Frances broadcast in-flight news to a national radio audience via a Columbia Broadcasting System plane, another Thrush. At 11 a.m. and 3 p.m., the broadcasting plane dropped a radio line to the Flying Boudoir, and Frances, standing in the open hatch, grabbed the line and plugged it into a mike connection. In order to be heard over the engine, Frances had to shout the news at the top of her lungs. During one broadcast, Frances’ voice started off strong but then faded away. Listening on the ground, Casey Jones swore, “God damn those so-and-so radios!” His voice, transmitted over the plane’s radio, came through loud and clear to the national radio audience. For years afterward, Jones received fan mail about his impromptu broadcast.
They flew around the airport for three days. Thaden and Marsalis both developed sore throats from shouting and were reduced to signaling to each other and writing notes. Their hands grew stiff and sore. They went down to three-hour flying shifts, then two.
Late on Tuesday, Casey sent them a note in a food container. Explaining that the reporters were complaining their flight was not exciting enough, he asked whether Frances might develop an appendicitis attack. No one would know it wasn’t true, he said. The two women looked at each another and shrugged, Why not? Louise scribbled a note back to Casey: “Frances has a terrific pain in her side from which she is suffering agonies; I have tried to persuade her to let us land, but she is adamant. What shall I do?”
They dropped the note near Hangar 1 and watched people scramble for it. Within half an hour the refueling plane came up with supplies. The “ailing” Marsalis hauled in a 60-pound bucket filled with ice, topped with a bottle of Absorbine Jr. and instructions from an Army doctor, warning Marsalis not to exert herself. As the Thrush circled over the ocean, the women dumped the ice and then rubbed the Absorbine on their swollen feet. The next day newspapers screamed: “Endurance Flier Stricken.” No one questioned how Thaden could fly a plane for 16 hours straight and yet look after her ill colleague. The next day, word came down that Marsalis felt miraculously better.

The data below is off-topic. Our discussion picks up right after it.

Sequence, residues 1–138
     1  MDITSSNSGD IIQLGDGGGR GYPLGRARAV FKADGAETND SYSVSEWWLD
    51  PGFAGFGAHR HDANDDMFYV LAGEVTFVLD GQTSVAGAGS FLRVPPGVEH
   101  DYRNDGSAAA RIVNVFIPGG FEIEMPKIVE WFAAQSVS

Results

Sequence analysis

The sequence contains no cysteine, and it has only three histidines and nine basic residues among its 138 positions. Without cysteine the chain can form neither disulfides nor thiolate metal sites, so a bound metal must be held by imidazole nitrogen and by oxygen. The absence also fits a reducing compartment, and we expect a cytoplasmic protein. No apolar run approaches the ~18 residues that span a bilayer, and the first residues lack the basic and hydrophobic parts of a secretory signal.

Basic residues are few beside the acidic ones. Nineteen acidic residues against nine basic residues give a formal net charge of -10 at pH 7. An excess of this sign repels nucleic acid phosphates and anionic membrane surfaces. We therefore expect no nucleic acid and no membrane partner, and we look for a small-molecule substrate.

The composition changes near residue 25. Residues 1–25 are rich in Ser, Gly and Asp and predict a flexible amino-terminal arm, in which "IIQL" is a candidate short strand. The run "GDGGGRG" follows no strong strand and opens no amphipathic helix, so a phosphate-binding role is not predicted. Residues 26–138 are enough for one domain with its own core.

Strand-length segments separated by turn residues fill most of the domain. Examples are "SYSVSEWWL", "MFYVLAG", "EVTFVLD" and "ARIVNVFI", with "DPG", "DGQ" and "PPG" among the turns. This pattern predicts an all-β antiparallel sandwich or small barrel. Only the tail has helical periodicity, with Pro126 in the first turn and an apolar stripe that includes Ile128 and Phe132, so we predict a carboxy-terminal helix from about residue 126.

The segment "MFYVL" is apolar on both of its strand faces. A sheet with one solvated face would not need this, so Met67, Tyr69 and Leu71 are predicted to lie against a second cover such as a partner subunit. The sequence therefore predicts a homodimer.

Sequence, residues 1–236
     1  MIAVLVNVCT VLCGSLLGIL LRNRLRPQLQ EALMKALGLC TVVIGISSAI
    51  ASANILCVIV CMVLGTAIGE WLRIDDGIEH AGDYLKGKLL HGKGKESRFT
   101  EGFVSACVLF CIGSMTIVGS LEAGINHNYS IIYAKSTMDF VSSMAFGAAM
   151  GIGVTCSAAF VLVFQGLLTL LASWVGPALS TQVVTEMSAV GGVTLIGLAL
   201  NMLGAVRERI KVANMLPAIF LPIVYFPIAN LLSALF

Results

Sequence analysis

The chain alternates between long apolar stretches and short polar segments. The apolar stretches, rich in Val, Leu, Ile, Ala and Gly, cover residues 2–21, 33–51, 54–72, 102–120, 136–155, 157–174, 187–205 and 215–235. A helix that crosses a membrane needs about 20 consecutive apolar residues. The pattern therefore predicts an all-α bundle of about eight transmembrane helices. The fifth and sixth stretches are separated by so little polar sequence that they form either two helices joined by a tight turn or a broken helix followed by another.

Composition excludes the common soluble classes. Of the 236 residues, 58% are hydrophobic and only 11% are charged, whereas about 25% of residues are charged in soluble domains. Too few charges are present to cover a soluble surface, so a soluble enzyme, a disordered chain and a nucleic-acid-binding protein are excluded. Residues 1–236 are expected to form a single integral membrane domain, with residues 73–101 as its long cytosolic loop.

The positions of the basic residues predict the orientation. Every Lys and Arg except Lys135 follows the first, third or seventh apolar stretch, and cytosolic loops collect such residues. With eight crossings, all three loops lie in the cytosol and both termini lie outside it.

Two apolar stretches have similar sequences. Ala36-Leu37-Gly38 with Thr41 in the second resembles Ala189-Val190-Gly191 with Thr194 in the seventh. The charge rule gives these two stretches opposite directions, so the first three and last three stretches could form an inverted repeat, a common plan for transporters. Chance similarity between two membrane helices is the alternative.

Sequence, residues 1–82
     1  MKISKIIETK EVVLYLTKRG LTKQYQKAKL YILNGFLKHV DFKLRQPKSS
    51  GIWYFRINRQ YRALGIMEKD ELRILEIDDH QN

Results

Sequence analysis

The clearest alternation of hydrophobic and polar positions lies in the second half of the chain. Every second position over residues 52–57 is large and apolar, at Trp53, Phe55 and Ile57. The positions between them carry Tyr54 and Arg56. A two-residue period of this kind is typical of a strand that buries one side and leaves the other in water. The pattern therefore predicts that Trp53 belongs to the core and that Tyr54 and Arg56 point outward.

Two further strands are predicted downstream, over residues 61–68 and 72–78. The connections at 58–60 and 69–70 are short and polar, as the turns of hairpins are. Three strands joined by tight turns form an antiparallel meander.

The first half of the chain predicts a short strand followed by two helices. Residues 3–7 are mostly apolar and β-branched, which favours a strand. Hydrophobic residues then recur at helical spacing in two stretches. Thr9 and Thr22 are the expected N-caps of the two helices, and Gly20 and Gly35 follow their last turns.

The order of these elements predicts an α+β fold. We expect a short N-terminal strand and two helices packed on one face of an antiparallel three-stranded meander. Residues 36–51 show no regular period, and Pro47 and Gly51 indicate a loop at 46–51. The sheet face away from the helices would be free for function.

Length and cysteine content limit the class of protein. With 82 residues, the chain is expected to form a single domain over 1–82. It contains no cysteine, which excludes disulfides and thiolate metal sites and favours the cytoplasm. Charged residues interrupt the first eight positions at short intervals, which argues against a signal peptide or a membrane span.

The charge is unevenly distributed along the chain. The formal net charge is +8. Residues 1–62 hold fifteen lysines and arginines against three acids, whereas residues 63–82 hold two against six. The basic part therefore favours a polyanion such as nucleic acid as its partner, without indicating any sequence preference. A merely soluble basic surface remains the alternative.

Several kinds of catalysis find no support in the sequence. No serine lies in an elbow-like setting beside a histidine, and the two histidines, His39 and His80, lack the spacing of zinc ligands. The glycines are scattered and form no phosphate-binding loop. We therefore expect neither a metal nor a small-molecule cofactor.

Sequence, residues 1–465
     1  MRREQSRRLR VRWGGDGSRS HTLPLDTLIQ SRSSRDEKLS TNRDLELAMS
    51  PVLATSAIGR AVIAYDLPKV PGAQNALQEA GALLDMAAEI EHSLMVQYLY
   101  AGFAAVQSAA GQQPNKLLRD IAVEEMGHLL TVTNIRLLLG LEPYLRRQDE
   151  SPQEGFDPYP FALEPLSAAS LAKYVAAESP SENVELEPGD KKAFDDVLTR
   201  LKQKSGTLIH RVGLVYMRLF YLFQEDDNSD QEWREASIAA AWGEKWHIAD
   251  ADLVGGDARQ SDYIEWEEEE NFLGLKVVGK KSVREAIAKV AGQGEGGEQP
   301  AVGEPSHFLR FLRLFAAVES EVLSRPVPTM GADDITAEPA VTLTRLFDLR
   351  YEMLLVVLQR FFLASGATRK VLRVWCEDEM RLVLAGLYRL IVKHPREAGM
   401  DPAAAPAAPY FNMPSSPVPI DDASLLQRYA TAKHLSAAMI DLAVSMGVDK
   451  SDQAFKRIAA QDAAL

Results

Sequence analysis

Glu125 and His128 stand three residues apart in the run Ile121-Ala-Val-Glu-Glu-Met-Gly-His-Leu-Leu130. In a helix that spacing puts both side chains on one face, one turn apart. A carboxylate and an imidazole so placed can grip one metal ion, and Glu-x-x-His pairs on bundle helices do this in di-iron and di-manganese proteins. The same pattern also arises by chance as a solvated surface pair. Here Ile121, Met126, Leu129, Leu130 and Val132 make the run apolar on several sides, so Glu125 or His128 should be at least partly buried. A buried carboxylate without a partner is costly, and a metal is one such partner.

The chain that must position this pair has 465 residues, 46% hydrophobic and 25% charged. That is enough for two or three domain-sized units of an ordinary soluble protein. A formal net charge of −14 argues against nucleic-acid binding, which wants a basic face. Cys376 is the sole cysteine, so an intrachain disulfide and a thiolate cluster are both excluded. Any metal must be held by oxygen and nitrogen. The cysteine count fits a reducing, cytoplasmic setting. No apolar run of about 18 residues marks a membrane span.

At noon on Thursday, a very real threat to the endurance flight developed. Thunderheads appeared, and the ceiling lowered until Thaden and Marsalis were flying at less than 1,000 feet. Wind gusts bounced the Thrush around, making it seemingly impossible for them to refuel. At that point they had only 14 hours to go before they broke the women’s refueling record.
About 6:45 p.m. a hole opened in the clouds directly over Coney Island, and the Robin and Thrush climbed through the opening and made refueling contact in the clear air above. When they finished, the planes spiraled down and the opening closed behind them.
A note from Jones, delivered with the next food container, said a storm still threatened, but he thought they could ride it out. At dusk the rain came pouring down. Water trickled in at the joint between the windshield and roof, and also leaked under the instrument panel, soaking the pilots’ feet. They descended until they were only about 100 feet over the airport, then began making tight turns, following the green and red airport boundary lights. They now flew in hourly shifts, stupefied by fatigue.
At dawn on Friday, the rain turned to a drizzle, the ceiling lifted and they climbed to 1,000 feet. A sponge bath and breakfast somewhat revived both fliers. At 2 p.m. the Robin flew alongside with “CONGRATULATIONS” painted on its fuselage. Thaden and Marsalis had broken the women’s refueling endurance record by one hour.